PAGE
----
By The Associated Press ROME — A fresco depicting Hercules and originally from Herculaneum, a city destroyed along with Pompeii by the 79 A.D. eruption of Mount Vesuvius, was back in Italy Monday, along with 59 other ancient pieces illegally trafficked to the United States.

Last summer, U.S. authorities announced that the fresco and dozens of other trafficked objects, which ended up in private collections in the United States, would go back to Italy.

Among the more precious pieces Italian and U.S. officials displayed to journalists in Rome is a B.C. kylix, or shallow two-handled drinking vessel, some 2,600 years old. Also returned is a sculpted marble head, from the 2nd century B.C., depicting the goddess Athena.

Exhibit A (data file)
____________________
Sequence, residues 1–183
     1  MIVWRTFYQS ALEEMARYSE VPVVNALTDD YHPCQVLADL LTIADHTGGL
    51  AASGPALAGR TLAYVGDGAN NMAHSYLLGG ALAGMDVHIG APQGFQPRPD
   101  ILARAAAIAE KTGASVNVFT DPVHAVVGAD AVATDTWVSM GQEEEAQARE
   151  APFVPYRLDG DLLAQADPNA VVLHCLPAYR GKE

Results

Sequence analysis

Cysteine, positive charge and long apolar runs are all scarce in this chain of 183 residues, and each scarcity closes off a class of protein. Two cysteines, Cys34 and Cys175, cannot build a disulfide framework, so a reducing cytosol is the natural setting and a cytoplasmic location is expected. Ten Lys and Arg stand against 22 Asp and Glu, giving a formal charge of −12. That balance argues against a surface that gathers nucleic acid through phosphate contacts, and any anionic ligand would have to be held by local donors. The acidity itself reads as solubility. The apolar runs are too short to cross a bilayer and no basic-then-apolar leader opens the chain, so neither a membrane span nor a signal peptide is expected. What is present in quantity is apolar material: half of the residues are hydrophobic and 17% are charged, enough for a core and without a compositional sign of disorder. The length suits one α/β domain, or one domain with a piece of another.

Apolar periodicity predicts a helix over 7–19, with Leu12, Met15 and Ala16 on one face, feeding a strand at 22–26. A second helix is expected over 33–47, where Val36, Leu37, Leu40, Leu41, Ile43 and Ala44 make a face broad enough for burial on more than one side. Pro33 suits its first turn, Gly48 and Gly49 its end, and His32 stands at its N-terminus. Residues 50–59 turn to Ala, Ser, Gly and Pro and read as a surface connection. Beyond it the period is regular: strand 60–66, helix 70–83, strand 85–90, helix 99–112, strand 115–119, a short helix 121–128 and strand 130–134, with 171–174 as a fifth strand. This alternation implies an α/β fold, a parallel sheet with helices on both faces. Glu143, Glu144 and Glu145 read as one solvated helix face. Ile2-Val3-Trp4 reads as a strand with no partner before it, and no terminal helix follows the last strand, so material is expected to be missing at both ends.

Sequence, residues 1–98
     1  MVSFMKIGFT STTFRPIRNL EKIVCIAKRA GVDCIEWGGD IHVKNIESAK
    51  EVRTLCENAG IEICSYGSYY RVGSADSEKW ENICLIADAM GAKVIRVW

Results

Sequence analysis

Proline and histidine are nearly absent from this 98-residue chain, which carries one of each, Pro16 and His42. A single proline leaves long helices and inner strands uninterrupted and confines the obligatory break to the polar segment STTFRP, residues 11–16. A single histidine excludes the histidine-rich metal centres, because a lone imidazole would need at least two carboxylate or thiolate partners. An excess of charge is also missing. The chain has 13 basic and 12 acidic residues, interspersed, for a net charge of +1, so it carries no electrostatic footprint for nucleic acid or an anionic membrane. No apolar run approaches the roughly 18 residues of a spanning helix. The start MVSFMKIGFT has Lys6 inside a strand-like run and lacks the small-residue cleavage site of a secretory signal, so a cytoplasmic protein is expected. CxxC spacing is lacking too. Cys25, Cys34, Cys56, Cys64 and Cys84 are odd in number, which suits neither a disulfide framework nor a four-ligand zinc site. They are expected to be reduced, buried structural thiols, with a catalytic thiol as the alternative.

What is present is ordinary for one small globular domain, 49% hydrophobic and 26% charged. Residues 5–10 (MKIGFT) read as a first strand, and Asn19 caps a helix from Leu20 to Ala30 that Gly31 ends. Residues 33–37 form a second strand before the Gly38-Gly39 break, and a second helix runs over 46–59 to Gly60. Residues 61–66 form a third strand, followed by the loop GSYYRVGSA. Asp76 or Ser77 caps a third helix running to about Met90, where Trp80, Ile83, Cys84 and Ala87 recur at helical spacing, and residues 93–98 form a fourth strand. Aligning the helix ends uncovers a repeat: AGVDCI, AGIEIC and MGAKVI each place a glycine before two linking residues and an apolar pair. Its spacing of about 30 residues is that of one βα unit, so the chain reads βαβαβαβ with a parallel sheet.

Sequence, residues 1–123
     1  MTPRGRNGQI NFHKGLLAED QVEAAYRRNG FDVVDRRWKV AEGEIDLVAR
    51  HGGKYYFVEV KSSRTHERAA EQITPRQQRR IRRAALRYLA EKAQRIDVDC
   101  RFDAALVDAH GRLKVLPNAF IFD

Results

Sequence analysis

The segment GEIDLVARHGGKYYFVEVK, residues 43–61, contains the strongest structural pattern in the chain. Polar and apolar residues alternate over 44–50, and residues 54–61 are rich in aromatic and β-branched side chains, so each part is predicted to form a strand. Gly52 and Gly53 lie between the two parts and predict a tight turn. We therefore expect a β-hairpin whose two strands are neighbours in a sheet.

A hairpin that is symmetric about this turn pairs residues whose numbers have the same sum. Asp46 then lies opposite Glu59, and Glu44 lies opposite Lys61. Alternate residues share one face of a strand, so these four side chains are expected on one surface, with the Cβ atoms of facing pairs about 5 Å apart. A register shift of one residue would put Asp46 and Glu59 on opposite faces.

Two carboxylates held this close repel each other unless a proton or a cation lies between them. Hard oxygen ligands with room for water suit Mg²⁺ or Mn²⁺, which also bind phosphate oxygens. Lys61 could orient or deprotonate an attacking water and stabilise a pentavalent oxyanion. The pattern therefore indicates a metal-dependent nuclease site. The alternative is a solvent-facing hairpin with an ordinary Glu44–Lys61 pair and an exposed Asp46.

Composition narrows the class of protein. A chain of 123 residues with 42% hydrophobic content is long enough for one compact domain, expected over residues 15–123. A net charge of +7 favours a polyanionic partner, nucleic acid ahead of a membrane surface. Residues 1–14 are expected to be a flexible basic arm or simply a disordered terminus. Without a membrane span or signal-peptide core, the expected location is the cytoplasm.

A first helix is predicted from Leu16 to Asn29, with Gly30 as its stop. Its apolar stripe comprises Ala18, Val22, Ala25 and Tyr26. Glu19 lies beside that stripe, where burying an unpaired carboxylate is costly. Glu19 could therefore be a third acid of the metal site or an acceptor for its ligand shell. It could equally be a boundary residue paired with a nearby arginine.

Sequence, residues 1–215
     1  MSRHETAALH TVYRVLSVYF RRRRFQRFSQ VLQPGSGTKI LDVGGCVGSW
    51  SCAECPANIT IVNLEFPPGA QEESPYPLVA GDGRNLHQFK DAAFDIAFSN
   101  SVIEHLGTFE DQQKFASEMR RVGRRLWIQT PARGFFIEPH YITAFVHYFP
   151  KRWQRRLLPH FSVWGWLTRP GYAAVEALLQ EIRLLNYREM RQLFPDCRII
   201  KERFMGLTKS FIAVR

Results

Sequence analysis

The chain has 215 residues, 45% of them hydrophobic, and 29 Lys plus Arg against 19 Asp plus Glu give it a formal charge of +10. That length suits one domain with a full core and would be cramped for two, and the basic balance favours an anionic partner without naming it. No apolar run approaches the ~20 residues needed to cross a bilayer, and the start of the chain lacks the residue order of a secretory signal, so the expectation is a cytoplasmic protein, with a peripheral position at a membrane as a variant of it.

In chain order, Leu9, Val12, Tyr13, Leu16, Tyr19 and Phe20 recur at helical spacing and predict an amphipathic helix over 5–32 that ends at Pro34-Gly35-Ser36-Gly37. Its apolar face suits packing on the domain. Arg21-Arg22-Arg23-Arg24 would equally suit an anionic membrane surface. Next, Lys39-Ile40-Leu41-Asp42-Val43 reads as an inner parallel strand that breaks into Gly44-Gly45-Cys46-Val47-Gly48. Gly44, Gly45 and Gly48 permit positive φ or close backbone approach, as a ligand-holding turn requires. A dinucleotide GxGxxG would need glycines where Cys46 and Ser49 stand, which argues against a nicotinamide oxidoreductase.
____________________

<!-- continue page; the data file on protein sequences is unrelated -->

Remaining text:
Italy said the returned works are worth more than $20 million (18 million euros) overall.

The fresco, done in the classic style of Pompeiian art, depicts Hercules as a child strangling a snake.

The returned pieces had been sold by art dealers, ended up in private U.S. collections and lacked documentation to prove they could be legally brought abroad from Italy.

Under a 1909 Italian law, archaeological objects excavated in Italy cannot leave the country without permission unless they were taken abroad before the law was made.

Among those at Monday’s presentation was Manhattan Assistant District Attorney Matthew Bogdanos, chief of that office’s unit combatting illicit trafficking in antiquities. On this investigation, his office worked jointly with a specialized art squad branch of Italy’s paramilitary Carabinieri.

“For Italian antiquities alone we have executed 75 raids, recovered more than 500 priceless treasures valued at more than $55 million,” Bogdanos said.

A Pompeiian style fresco from Herculaneum titled “Young Hercules and the snake”, dated to the I second A.C., is seen on display among other archaeological artifacts stolen from Italy and sold in the U.S. by international art traffickers, during a press conference in Rome, Monday, Jan. 23, 2023.
Andrew Medichini/AP